The thought of having to wear a medical mask again makes me shudder. The very last thing I want to do is go to the doctor or start a round of antibiotics or steroids or hear that I should maybe stop existing in social spaces. I am on higher doses of immunosuppressants than I have ever been on before, and my ability to fight off infections is impaired, which leaves me feeling vulnerable and weakened in light of a basic illness. And I am afraid that after this one goes away, there will be more.
Then, of course, comes all of the blaming myself. I should hand sanitize every hour. I should study in my room more, instead of in crowded coffee shops. I should stay further away from people. I should be more careful about sharing food with friends. But this isn't how I want to live my life.
I was supposed to spend this weekend on a retreat at the beach, with people whom I love dearly and new friends I was excited to meet. Today, it is difficult to feel my feet in socks, under the covers, shaking from occasional chills but stiff from arthritis, rather than sinking barefoot into the gritty, salty sand. The whirl of my ceiling fan is no substitute for the crashing of ocean waves. I would rather be elsewhere. I am disappointed in my body, and in how my body tethers me to isolated spaces when I am ill instead of permitting me to venture into places in which I feel alive.
I desperately want whatever is happening in my body at the moment to be a normal college student illness. I am hopeful that this semester will be healthy, and that this is just a small bump. I am also terrified. So, for now, I'm just living with that fear. I'm grateful to have friends who are willing to live with it alongside me, and who have validated it and acknowledged it. Over the last fews days, through texts and even phone calls where I didn't have to talk, I just had to listen, my friends have taken up space in my life so that there will be less space for fear to take up. My parents and sister and dogs have offered distractions and company.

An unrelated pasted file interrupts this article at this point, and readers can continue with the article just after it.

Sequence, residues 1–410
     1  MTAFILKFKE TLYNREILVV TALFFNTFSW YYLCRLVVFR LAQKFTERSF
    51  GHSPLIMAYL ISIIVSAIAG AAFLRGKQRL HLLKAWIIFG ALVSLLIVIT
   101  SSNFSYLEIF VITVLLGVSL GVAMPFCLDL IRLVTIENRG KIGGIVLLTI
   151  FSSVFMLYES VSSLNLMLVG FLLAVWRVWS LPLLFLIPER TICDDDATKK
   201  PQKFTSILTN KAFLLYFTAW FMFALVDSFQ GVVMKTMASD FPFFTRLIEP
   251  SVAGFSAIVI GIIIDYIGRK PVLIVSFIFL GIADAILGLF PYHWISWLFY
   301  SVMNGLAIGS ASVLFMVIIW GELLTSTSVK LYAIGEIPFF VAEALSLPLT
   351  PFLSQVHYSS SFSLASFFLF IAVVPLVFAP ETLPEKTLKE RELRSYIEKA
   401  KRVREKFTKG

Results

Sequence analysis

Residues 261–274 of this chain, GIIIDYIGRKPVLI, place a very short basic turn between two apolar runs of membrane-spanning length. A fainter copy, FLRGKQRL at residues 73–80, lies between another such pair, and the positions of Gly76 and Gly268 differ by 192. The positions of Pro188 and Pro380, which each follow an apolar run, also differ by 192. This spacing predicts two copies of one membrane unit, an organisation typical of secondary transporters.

|I spent lots of time last semester sitting on the steps of|
Wilson Library, reading and thinking and writing and
watching. What a lovely place to learn!
While I do feel fearful at the moment about what the future holds in terms of infections, I do not want that fear to take away from my excitement and gratitude about the previous semester. It was such a wonderful opportunity to feel truly free and able to construct my life in a way I wanted rather than in a manner dictated by illness. I like to think that I make the most of life regardless of how I am feeling, but I must admit that it is much easier to enjoy when I am not at the doctor's office every single day.
No matter where I look, though, and no matter what state I am in, I see people who love me and people whom I love. And I can't think of anything better. I can't think of anything more valuable to celebrate. Thank you for celebrating with me.